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  He won Texas last spring. Can Matt Kenseth do it again? (Photo: Getty Images for NASCAR)

   By Mike Mulhern


   FORT WORTH, Texas
   Or, wow!
   While buddy Greg Biffle was sunning himself in the Bahamas, on one of the stock car tour's few breaks this season, Matt Kenseth was giving Michigan's new asphalt a good workout.
   And it's fast.
   Like Faaaassst.

   The two-mile Michigan track is one of several repaved for this season, and speeds at Michigan, Pocono and Kansas are all expected to be considerably faster than last year. What that means for NASCAR officials and any rules tweaks is so far unclear.
   Kenseth, the Daytona 500 winner and one of the favorites here in Saturday night's Texas 500, says speeds in Michigan's June 400 will be "pretty fast.  I think we saw 215 or 216 on the straightaways.
    "It's definitely going to be fast."
   That's with 18-degree banking.

   So when guys here start complaining about how bumpy Texas Motor Speedway is, well….


Tony Stewart (R) and his guys are still hot, 8 for 16 now with teammate Ryan Newman's Martinsville win. And Stewart kicked butt at Las Vegas (Photo: Getty Images for NASCAR)


   Jimmie Johnson, still looking for his first tour win of the season, says this 1-1/2-mile track, for whatever reason, lends itself to long green runs.
   "As it ages, the bumps get bigger, the surface has less grip," Johnson says. "The thing that comes to mind for me is the long green-flag runs we have.
   "Any small problems you have with the balance of the car are magnified and add up. It's hard to ever catch the leader because there is just so much green-flag running."
   Tony Stewart showed 'em how it's done, winning here last fall in that 5-win stretch.
   Stewart hasn't cooled off either.
   Teammate Ryan Newman, for so long dubbed Mr. Friday for his qualifying prowess, finally broke out of teammate Stewart's shadow last week at Martinsville, with a perfectly executed bump-and-run, leaving Jeff Gordon, Johnson and Clint Bowyer steaming.
   With that Newman ran the team's record to a stunning 8-for-16.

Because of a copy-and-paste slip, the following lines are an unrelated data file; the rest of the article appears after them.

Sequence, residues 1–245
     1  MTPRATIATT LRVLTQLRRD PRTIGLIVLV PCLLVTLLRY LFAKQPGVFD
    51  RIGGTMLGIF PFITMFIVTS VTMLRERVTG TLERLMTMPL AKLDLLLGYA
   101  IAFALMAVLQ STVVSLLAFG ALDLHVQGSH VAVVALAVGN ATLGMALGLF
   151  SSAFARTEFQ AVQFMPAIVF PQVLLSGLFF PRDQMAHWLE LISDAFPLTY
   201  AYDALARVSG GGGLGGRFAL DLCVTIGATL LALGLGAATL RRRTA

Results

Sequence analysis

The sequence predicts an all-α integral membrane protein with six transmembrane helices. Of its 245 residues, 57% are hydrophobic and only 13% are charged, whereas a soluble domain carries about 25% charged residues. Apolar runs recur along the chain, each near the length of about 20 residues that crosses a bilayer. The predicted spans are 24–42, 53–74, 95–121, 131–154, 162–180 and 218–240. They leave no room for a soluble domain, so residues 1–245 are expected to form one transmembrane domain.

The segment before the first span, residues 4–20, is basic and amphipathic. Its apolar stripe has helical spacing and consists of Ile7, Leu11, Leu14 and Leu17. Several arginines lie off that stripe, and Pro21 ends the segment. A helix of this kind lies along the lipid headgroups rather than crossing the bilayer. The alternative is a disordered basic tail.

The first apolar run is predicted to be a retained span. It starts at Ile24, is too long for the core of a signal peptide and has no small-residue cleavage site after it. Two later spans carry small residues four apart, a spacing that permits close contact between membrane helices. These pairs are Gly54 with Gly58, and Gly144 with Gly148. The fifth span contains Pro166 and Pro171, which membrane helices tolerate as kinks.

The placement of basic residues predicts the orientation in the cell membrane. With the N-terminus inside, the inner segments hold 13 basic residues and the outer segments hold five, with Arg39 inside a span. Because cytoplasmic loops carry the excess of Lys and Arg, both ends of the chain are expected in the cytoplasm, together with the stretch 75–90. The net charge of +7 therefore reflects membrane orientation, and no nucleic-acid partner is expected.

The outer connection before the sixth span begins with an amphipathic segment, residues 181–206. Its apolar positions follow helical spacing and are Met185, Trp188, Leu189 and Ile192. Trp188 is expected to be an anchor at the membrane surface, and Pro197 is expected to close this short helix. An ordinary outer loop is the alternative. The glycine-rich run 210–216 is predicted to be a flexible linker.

And at that rate, the odds of another Jack Roush victory here, by either Carl Edwards, Matt Kenseth or Biffle, might be a little longer than usual.

   Jimmie Johnson: time to win? (Photo: Getty Images for NASCAR)

   Roush men have dominated this track over the years. Kenseth won this race a year ago, in a rout.
   But Denny Hamlin swept both 500s during his 2010 title charge.
   It has been Stewart's runs at the tour's mid-sized tracks since last September that has been remarkable, and his run at Las Vegas a few weeks ago may show him as the man to beat here too.
   Biffle arrives here still atop the Sprint Cup standings, though his last tour win was in the fall of 2010 at Kansas.
  And Kenseth won the season opener at Daytona.
  However some mystery continues to swirl around Edwards and his team, winless for over a year now…and this is the perfect track for him to dispel the questions. Edwards is a three-time winner here, and a good run Saturday is expected.
   Edwards didn't expect much at Martinsville, and that's about what he got.
   But this track has been one of his best.

   Yet as this track opens for practice, it may be the Michigan speeds and the anticipated speeds at Pocono that dominate conversation.
   The speeds Kenseth saw at Michigan could mean even faster speeds at the end of the frontstretch at Pocono, where the test of new asphalt comes April 24th and 25th.    
   Denny Hamlin, who has been a consistent winner at both Michigan and Pocono, had fretted before the tire testing began that speeds into turn one at Pocono, at the end of the sport's longest straight, could hit 215.
   Looks like that estimate was a tad low.
   The change in asphalt and speeds could turn the Michigan race into a decidedly different show, Kenseth says:
   "It was pretty slick before.  You would run real fast and slow up on old tires, and the groove was all over the place."
   The new asphalt might not provide a better show, but certainly a thriller: "I think qualifying is going to be real exciting," Kenseth says.
    "I think the race will be real exciting, like it always is, but I think you're probably going to see a little different race, at least for a year or two, until it gets more worn out. 
     "We're running at least three seconds faster than race runs the last time; that's going to change the racing a little.
     "I think most drivers probably like old pavement. But certainly the new pavements lately -- everybody has been doing a good job of making it smooth…and Goodyear has been giving us a tire that has some grip. The racing has been pretty good at the new pavement tracks."
   But the tires?
   While Kenseth is diplomatic, and while Goodyear has done a good job developing durable tires for repaved tracks the last few years, there are likely going to still be complaints.
    "The tire is always the biggest factor in the speeds, no matter where we go or what kind of pavement we're racing on," Kenseth says.
    "Goodyear has done a really good job with all these new repaves the last four or five years.  They've brought a tire that doesn't fail, and we can drive and maneuver on it. 
     "In the past, when they paved these places, they'd bring a tire that was so hard we couldn't drive the cars for 20 or 30 laps."

   Carl Edwards: some still doesn't seem quite right here. But he's a three-time winner at Texas (Photo: Getty Images for NASCAR) 


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